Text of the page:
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Old 04-17-2014, 09:01 PM   #6
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Quote:
Originally Posted by njcioffi View Post
Just in case anyone has the same issue as Jason, you need a thin flat piece of metal. You insert the metal into the area between the lock cylinder and the cylinder housing at the 12 oclock position so that it pushes up on the lock tumbler that is keeping the center of the lock cylinder from pushing back into the housing. Then push the center of the lock cylinder in and hold it there. Remove your thin metal tool, keep holding the center of the cylinder in or it will pop out again. Insert the key and turn the ignition.

Just a side note on this problem. I never tried the grinding procedure in this write up but I have experimented with my own method. Instead of modifying the housing, I simply removed the lock tumbler that hold the cylinder stuck out when this happens. (Its the one that you have to push up with the flat metal blade) I did this as an experiment after going through 2 lock cylinders in one summer for this issue. It has been 3 years since I did that and it still works great. If anyone else does it you should be aware that when you shut the key off the accessory power will now shut off instead of stay on until the key is removed. That seems to be the only side effect. I thought that I would have to push the cylinder in before turning the key when starting the car but that hasn't been nessisary, it pulls itself in when you start turning the key. I think I have pictures saved from when I did this if anyone is interested.
The problem with doing this is that the steering will lock when you turn the key off, rather than when you remove it. Soemthing to be aware of - It could be dangerous if you had a stuck throttle and paniced and turn the key off, locking the steering.
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Old 04-20-2014, 10:42 AM   #7
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Quote:
Originally Posted by maf_diver View Post
The problem with doing this is that the steering will lock when you turn the key off, rather than when you remove it. Soemthing to be aware of - It could be dangerous if you had a stuck throttle and paniced and turn the key off, locking the steering.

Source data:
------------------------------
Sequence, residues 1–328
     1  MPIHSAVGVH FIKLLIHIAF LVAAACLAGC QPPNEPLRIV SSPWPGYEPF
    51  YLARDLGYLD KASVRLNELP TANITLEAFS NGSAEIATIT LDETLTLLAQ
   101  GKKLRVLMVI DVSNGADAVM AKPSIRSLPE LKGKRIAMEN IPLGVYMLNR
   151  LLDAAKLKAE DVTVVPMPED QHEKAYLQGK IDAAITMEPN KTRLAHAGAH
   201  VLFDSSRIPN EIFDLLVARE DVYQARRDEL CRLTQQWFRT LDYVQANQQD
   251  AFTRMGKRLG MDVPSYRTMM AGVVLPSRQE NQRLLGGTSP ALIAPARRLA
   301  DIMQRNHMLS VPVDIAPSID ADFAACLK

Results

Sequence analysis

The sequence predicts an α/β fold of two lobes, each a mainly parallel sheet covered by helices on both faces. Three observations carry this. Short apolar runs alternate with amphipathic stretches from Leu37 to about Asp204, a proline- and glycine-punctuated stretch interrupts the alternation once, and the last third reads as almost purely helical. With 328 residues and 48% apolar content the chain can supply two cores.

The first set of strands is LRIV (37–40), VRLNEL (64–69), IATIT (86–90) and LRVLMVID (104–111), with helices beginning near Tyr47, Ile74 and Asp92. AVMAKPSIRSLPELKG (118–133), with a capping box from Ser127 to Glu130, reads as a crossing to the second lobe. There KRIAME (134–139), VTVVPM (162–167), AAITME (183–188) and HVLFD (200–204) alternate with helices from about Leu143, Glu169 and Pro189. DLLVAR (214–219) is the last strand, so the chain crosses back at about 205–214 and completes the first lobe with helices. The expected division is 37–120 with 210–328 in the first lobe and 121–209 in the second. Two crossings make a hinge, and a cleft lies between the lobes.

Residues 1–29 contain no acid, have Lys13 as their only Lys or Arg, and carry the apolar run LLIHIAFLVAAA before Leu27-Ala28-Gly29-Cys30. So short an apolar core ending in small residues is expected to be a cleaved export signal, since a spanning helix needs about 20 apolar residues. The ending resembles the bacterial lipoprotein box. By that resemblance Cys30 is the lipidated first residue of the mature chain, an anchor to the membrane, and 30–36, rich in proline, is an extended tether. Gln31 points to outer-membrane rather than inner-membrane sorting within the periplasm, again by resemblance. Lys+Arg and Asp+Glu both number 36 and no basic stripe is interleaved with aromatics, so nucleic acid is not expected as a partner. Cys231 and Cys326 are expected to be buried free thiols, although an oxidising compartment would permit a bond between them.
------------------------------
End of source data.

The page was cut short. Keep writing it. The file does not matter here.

When I read this I thought I overlooked that potentially dangerous problem but I do coast into my garage and have had to turn the wheel sometimes but it never locked. I decided to try it out thinking I didnt ever turn it enough to catch the lock. So I went out in a parking lot and shut the ignition off while driving and turned the wheel. The wheel did not lock. My car is an automatic and when the trans is in drive the key can not turn all the way off so you can kill the engine while driving and it does not lock the steering because the key will not turn off far enough for it to be removed. It is a safety built into all modern cars. In a manual it should have a detent where you have to either push the key in further or a button to push while turning the key in order to release the key to the full off "lock" position. I dont remember which style the GTO's have but i know all manual shift cars have some sort of safety like that. I would suggest that anyone who does this to their cylinder try this out just to make sure everything is still working properly so that no body has a potentially dangerous event.
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05, 06, 2000, 2006, cylinder, gto, housing, ignition, install, lock, ls1tech, parts, pins, replace, saturn